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Times Square starts at 42nd Street, between the H&M and the Walgreens, and stretches north for five blocks. I stood there a few days ago, illuminated by the glow of a canary yellow ad for Spectacles by Snap. I found the ads as colossal as ever, but the space had changed since my last visit. The usual swarm New Yorkers and tourists with selfie sticks had thinned. Times Square felt spacious. I could actually meander, look around, breathe.
Today, Times Square celebrates the completion of its six-year transformation from a congested thoroughfare into a European-style piazza. “We doubled1 the amount of pedestrian space,” says Craig Dykers, co-founder of the architecture firm Snøhetta. Remaking the Crossroads of the World follows a broader trend by cities around the world to create more pedestrian-friendly spaces that favor people over cars.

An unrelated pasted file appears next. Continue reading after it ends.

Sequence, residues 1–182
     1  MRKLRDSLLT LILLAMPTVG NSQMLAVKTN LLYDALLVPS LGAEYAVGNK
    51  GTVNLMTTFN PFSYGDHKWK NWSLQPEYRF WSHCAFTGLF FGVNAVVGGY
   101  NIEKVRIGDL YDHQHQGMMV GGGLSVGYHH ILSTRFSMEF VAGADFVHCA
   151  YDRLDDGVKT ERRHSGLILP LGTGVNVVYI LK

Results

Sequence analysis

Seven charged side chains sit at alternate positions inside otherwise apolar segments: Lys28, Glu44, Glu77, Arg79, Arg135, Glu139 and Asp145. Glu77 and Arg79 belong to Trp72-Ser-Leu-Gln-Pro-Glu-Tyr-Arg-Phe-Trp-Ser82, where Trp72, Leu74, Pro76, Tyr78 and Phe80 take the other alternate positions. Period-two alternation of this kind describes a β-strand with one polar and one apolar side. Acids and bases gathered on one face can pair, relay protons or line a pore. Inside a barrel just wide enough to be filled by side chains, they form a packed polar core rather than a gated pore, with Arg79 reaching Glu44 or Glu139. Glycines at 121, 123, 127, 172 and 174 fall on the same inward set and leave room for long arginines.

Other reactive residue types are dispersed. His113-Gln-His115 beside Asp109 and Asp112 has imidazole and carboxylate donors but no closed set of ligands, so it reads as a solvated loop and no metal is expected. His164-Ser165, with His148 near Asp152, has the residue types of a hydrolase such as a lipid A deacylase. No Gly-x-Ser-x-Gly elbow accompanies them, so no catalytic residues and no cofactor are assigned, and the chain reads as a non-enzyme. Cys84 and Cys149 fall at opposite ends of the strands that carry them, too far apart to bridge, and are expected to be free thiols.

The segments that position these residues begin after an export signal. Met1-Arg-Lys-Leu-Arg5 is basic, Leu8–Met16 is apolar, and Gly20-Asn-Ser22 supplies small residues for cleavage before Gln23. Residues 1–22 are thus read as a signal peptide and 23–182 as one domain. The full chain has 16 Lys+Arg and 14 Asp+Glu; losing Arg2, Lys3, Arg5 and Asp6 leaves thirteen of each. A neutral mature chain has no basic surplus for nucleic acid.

Snøhetta’s understated design won it the competition to redesign New York’s most famous attraction. And it will help the area thrive in the years ahead. Like many of the world’s best public plazas (think Trafalgar Square in London, or the Piazza del Campo in Siena, Italy), the new Times Square will be shaped by the people who use it—not the other way around. “The square is the ultimate diverse, multi-use, dynamic, changing public space,” says Fred Kent, founder of the Project for Public Spaces.
Urban planners call this approach placemaking, and it requires humility. Focus on design, and you’ll create something with an aesthetic people can pin on the architect. Focus on placemaking, as the Project for Public Spaces has for 40 years, you end up with a blank canvas for the community’s interests. The new Times Square does exactly that. “Snøhetta did good, because they didn’t do a whole lot,” Kent says. […]